The housing market conundrum
Predicting the path of house prices in New Zealand is a bit like economists attempting to forecast future inflation, an interesting exercise but ultimately a futile one. That is not to throw ‘shade’ on economists but more an acknowledgement that it is a very challenging task and none of us have the benefit of a crystal ball.
What is now becoming apparent is the negative shift in sentiment from market commentators around the upward trajectory for prices of residential houses. It has gone from a moderating in price, to in some quarters a market crash just around the corner. To be clear, I sit in the former and not the latter camp but let’s look at the drivers.
There is no question that the three key drivers that have pushed the market higher over the last two years are disappearing. Most notably, historically low interest rates, easy access to credit and investor tax advantages.
Mortgage rates re-pricing is not a new story and we have around ~60% of all residential mortgages up for renewal in 2022. For many the pain of servicing debt at 2.50% to then around 4.00% is likely to be felt quickly. For new entrants to the market, accessing credit is becoming increasingly difficult with the banks scrutinizing household spending, in some cases at an itemized level. This impact is not limited to first home buyers as it affects those looking to ‘trade up’ and their ability to increase existing lending. We are also yet to see how the withdrawal of interest deductibility will impact property investors, but needless to say its not likely to be a positive driver, particularly when you consider the impact to cashflow.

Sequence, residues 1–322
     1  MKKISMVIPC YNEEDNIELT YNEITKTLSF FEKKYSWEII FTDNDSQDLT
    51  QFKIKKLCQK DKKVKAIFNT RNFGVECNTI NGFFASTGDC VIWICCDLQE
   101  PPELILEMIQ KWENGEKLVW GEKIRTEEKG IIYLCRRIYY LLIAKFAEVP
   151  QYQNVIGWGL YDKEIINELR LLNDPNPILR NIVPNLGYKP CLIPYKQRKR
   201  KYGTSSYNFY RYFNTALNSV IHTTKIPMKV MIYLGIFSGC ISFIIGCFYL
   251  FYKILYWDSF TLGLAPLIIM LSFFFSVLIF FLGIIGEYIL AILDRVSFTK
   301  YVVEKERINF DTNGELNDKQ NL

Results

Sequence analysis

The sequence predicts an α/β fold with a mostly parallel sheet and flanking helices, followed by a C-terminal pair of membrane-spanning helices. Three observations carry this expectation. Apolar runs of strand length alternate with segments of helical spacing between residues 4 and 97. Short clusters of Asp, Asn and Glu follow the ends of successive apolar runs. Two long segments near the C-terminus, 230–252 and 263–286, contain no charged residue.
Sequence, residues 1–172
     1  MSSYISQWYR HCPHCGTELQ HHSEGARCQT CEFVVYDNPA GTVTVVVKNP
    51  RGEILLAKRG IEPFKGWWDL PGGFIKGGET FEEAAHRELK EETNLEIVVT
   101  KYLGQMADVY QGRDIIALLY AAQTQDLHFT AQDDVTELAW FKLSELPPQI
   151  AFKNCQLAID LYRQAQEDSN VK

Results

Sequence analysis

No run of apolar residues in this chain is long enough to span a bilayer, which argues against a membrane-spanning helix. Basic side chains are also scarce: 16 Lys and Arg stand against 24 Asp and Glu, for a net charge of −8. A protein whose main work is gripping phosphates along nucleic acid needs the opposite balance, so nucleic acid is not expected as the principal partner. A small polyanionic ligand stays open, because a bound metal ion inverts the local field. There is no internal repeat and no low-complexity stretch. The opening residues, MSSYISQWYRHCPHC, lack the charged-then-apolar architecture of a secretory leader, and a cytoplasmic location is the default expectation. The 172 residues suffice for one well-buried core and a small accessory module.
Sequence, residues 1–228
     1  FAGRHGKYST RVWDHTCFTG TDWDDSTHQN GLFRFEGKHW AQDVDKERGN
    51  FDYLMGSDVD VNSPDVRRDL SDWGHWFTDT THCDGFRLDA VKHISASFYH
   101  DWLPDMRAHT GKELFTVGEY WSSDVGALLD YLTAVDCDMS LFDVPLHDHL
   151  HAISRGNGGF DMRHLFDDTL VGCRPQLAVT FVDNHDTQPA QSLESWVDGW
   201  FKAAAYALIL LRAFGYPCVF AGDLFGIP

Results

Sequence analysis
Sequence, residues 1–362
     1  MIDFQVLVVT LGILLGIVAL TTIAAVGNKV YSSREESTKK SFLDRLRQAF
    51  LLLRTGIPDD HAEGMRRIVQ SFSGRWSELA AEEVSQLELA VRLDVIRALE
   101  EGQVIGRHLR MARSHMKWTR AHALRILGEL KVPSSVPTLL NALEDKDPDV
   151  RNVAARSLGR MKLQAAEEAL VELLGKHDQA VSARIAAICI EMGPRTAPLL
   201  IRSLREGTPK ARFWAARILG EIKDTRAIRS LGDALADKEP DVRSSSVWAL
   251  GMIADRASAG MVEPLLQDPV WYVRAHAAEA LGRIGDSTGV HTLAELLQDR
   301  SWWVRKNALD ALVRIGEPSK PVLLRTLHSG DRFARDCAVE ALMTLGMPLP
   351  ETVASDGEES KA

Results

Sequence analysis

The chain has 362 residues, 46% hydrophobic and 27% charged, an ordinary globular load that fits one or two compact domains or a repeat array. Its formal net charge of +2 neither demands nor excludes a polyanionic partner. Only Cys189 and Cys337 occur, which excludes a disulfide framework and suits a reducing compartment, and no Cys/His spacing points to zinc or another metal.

If you throw in household debt to disposable income which is running at ~170%, then chances are you would have to be weary about entering the market, particularly as an investor.
However, it is never that simple when it comes to housing. Many a commentator has been left looking foolish when predicting the demise of the housing market, remember prices were meant to plummet ~20% post the Covid outbreak.
I am reading only today that ‘It’s easier to sell a $5m property at the moment than a $2m one,’ all adding to the confusion of the overall picture. So, there is clearly capital to be put to work and maybe for those who aren’t so exposed to the three key risks I discussed above. Furthermore, there is evidence to suggest that post covid, we can re-open the immigration channel that many saw as a positive catalyst for house prices in the John Key era.
Household and business confidence can erode quicky for New Zealanders, particularly considering a lot our wealth is directly linked to the value of our houses. So why many see a storm coming in residential houses, my sense is its more likely to be a squall.